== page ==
After constantly being bullied for years, Marna Michele found the man of her dreams on Tinder, someone who loved her for who she was.
Sometimes you have to go through a lot of bad dates in order to find the right person, and sometimes it can feel like the right person will never make their way to you.
But this woman and her journey to the altar give hope to daters everywhere.
Learning to Cope With the Bullies
Marna Michele was born with arthrogryposis, a condition that affects the development of the joints. She had surgery the day she was born in order to help it, and numerous others followed. From the ages of five to 13, she had to use leg braces to walk, reports The Sun. Eventually, the strain that walking put on her body was too much, and she wound up using a wheelchair.
As a teen, Michele grew used to bullying. The bullies upset her, but she didn’t let anyone else define her. “In junior high, I was called a cripple for the first time in my life, and I was heartbroken over it. I cried for days, and I finally thought to myself, ‘Why am I crying?’” she recalled.
Still, it was hard. Especially when she tried to date.
“Dating in my younger years was tough; I found that when I was in high school, the boys just couldn’t look past my disability,” she explained. “It was disappointing, but I always knew who the best choice for me [was] because of that fact; I deserve someone who will love me for who I am, disability included.”
Entering the Dating Pool
As an adult, Michele hoped things would get better. But when she joined Tinder to try and find someone to spend time with, things got worse. As it turned out, some bullies just feel more empowered when they have a screen to hide behind.
“I was on Tinder for about six months; very often, I would get inappropriate questions, or I would even get told I was not worth loving because of my disability,” she said.
Michele stuck with it though, and six months into her Tinder experience, she and a man named Robert matched. Right away, their interactions were different. Instead of asking her about her disability like all the men before, he got to know her for who she was.
“Our interaction was very different than anyone else I spoke with through Tinder. Usually, a day into the conversation, the person on the other end would always ask me about my wheelchair and disability,” she revealed.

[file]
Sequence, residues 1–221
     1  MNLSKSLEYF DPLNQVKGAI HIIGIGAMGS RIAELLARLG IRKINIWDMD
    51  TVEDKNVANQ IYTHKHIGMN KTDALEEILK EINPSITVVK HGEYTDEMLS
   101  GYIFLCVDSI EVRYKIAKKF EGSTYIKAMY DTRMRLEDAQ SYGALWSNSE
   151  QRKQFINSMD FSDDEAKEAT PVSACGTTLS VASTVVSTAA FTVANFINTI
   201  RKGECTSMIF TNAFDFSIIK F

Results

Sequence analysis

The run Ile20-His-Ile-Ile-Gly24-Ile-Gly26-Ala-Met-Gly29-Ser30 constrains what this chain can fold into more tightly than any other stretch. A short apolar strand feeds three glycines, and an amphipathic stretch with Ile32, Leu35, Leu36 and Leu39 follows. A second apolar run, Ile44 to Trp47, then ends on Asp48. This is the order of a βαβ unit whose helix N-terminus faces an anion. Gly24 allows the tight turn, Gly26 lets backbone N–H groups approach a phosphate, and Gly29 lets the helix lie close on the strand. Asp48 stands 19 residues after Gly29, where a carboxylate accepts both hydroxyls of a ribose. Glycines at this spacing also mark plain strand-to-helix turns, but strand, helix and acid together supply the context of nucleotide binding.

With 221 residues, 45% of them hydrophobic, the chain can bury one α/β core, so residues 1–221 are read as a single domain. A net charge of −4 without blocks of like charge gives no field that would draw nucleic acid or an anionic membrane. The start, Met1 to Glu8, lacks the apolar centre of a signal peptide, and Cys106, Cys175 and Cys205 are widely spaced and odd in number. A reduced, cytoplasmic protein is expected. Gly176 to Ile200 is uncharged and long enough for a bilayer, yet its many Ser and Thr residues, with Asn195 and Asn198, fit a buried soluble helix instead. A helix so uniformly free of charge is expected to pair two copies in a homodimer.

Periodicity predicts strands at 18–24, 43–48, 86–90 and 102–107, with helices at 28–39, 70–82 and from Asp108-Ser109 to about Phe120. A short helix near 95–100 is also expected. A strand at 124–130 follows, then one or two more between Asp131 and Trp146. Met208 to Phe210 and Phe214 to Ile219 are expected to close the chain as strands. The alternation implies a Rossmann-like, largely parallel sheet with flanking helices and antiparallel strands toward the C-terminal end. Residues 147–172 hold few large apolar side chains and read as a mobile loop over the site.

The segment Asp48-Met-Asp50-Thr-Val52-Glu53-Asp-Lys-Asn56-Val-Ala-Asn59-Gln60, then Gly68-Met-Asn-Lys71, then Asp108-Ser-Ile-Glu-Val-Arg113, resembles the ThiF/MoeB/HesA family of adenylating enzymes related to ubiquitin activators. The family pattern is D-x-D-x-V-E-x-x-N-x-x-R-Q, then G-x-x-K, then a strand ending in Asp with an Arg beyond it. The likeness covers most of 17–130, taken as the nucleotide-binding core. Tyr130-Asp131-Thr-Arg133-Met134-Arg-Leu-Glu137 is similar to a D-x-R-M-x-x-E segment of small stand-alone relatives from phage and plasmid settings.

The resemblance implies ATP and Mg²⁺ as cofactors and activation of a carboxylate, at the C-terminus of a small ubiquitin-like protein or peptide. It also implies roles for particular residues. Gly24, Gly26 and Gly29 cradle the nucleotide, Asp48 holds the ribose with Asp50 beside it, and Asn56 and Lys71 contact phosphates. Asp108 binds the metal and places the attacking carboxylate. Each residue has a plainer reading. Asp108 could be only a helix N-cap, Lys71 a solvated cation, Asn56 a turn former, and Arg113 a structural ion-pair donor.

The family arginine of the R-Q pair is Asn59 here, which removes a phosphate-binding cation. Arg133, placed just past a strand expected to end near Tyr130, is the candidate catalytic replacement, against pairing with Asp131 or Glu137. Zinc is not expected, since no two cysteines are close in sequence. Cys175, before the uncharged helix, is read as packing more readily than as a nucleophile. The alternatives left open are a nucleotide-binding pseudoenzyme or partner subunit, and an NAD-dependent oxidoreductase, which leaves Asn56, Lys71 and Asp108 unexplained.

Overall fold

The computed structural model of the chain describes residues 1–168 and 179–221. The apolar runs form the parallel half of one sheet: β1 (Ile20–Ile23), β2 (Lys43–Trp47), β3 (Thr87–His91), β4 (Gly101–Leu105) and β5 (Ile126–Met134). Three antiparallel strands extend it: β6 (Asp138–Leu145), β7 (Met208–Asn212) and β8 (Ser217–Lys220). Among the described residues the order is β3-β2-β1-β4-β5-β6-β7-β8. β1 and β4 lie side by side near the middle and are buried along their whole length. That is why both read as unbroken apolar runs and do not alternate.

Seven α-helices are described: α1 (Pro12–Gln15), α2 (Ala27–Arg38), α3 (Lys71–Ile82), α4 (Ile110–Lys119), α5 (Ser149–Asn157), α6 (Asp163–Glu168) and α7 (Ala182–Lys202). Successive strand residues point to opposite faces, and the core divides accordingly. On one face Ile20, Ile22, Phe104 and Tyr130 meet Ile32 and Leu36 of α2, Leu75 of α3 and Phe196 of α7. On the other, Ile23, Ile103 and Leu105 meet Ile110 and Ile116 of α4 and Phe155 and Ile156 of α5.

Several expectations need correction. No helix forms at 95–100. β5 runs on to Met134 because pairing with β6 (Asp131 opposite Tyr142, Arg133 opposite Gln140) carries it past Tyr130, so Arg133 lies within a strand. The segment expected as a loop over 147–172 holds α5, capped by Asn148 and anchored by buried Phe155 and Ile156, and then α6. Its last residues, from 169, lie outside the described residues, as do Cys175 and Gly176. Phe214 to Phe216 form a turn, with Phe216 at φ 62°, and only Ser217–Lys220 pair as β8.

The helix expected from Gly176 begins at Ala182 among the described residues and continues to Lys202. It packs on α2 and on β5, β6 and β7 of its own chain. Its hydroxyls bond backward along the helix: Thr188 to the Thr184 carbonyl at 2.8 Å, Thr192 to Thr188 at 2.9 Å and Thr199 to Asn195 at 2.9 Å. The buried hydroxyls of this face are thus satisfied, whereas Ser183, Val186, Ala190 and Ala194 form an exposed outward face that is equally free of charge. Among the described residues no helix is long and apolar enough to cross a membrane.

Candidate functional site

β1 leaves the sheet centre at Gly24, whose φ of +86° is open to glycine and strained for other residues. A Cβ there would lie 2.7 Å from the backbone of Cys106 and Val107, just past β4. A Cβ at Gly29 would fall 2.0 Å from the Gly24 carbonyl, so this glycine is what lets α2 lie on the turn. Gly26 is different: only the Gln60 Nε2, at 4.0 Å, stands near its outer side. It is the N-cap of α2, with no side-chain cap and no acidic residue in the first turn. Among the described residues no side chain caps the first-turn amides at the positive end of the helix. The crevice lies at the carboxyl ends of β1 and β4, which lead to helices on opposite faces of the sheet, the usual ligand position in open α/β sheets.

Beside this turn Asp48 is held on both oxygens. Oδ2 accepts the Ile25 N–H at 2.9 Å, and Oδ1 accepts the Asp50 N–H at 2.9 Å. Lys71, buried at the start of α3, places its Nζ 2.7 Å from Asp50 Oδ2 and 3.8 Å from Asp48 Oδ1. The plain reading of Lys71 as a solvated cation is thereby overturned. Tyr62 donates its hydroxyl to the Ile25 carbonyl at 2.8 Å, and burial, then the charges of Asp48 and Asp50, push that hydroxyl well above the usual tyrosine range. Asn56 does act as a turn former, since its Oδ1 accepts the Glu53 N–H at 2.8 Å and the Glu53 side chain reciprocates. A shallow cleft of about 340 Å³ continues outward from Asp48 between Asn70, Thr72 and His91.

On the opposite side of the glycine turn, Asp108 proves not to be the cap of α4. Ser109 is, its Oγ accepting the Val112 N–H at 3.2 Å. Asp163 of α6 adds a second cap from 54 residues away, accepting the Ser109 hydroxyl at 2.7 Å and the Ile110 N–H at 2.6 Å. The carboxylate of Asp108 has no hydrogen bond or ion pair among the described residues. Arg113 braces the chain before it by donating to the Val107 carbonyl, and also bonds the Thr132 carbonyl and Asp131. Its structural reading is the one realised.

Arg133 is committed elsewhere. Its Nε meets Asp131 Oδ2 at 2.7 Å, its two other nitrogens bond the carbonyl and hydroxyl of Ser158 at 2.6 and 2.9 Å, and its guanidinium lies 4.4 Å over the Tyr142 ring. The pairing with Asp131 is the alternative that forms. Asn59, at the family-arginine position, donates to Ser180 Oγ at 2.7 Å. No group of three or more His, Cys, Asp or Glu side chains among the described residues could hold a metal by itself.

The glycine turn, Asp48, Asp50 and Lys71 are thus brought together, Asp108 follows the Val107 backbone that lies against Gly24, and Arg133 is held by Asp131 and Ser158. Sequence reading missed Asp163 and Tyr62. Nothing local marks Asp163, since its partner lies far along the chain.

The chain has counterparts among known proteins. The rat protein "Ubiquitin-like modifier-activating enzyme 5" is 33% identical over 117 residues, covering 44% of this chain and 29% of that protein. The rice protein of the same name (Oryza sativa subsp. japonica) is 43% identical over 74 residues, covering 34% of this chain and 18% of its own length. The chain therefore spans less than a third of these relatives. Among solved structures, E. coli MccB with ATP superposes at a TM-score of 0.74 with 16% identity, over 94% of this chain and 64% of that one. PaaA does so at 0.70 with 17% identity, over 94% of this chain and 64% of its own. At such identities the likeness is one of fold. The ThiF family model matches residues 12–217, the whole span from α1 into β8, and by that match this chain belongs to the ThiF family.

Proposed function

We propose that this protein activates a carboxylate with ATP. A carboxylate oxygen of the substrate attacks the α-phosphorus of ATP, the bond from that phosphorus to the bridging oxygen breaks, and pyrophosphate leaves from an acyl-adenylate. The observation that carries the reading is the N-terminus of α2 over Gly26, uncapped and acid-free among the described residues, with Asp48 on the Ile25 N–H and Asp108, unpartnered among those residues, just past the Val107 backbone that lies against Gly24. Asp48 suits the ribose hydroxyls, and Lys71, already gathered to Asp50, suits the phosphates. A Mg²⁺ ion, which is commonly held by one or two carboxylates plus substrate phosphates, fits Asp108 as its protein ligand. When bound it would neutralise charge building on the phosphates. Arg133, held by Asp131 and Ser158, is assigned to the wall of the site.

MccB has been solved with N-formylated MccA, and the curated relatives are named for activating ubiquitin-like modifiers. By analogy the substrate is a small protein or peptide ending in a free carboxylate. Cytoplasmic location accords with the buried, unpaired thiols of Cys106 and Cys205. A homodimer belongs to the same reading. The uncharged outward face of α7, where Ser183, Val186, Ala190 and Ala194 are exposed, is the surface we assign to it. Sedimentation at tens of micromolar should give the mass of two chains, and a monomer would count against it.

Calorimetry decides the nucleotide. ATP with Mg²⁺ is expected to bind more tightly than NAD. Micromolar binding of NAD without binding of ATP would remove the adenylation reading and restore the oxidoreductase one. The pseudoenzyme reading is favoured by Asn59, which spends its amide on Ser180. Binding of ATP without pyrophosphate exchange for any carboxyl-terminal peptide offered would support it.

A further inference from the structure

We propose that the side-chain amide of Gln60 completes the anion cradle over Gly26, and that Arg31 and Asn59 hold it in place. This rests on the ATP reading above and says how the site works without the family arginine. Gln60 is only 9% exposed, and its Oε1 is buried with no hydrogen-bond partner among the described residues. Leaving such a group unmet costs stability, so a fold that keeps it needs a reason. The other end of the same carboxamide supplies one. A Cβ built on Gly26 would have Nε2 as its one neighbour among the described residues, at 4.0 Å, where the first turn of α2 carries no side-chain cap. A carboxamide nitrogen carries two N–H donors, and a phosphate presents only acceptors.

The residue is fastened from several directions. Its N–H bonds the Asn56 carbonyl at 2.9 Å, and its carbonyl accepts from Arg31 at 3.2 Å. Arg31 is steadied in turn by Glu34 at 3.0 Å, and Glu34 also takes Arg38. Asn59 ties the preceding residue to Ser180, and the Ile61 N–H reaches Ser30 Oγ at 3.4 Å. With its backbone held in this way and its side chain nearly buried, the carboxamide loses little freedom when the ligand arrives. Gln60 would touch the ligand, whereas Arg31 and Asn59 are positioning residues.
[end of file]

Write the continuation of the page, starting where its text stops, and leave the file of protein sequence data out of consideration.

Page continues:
Going on That First Date
Two weeks after meeting Michele, Robert asked her to go on an actual date. She was so blindsided because the wheelchair conversation still hadn’t come up. At first, she canceled the date; then, following a conversation with her sister, she messaged Robert to ensure he knew she was in a wheelchair. He had a surprising response.
“He replied with, ‘Yeah, it’s on your profile, I don’t care, that doesn’t matter,’” she explained. “I felt so silly for bringing it up, but I was so used to every other guy mentioning it; that was when I knew he was special.”
The date began at a bar, where they talked for hours. Then they went for dinner, and he walked Michele back to her car. There, Robert asked Michele on a second date.
“There are very mean people in the world. But I stuck to it and found Robert. The kindest man I’ve ever met,” Michele continued. “He never once has made me feel incapable or less than. He is supportive and non-judgmental. He constantly makes me feel beautiful and confident.”
From there, the couple moved in together, and eventually, Robert got down on one knee. Two years ago, they got married, and they haven’t looked back since.
Michele is happy, confident, and loving her life. Still, she remembers how much it hurt when kids called her “crippled” and how alone she felt. So a few years ago, she decided to take back the power of the word by starting a website called Crippled Is Beautiful. There, she shares stories of people with disabilities and raises awareness.
“I stay positive for myself and for my fellow ‘cripples.’ I will not allow this cruel world to tear me down, and I hope my positivity can be contagious,” she told The Sun. “You would think [by now] there would be less ableism and more accessibility, but that’s just not the case. My disability is not a curse; it is a challenge I conquer every day.”
On her website, Michele shares the same message.
“If the word CRIPPLED has ever been used against you in a hurtful/harmful way just remember that YOU are beautiful,” she writes. “YOU are worth it. YOU matter. YOU can create your own happiness.”
Finding Love From Within
This beautiful story doesn’t just give hope to anyone going through a tough time dating or who may be wondering when their love life will turn around. It’s also a powerful message about loving yourself first and knowing your worth.
There are so many negative messages out there, and it can be hard to tune them out.
But by ignoring those voices and making your inner, positive voice louder, you can conquer all. If ignoring bullies and walking away doesn’t work, seek help. There are many resources out there for those who are dealing with bullying.
And for those who think words don’t matter, think again. Everyone deserves love and respect, no matter what we look like on the outside.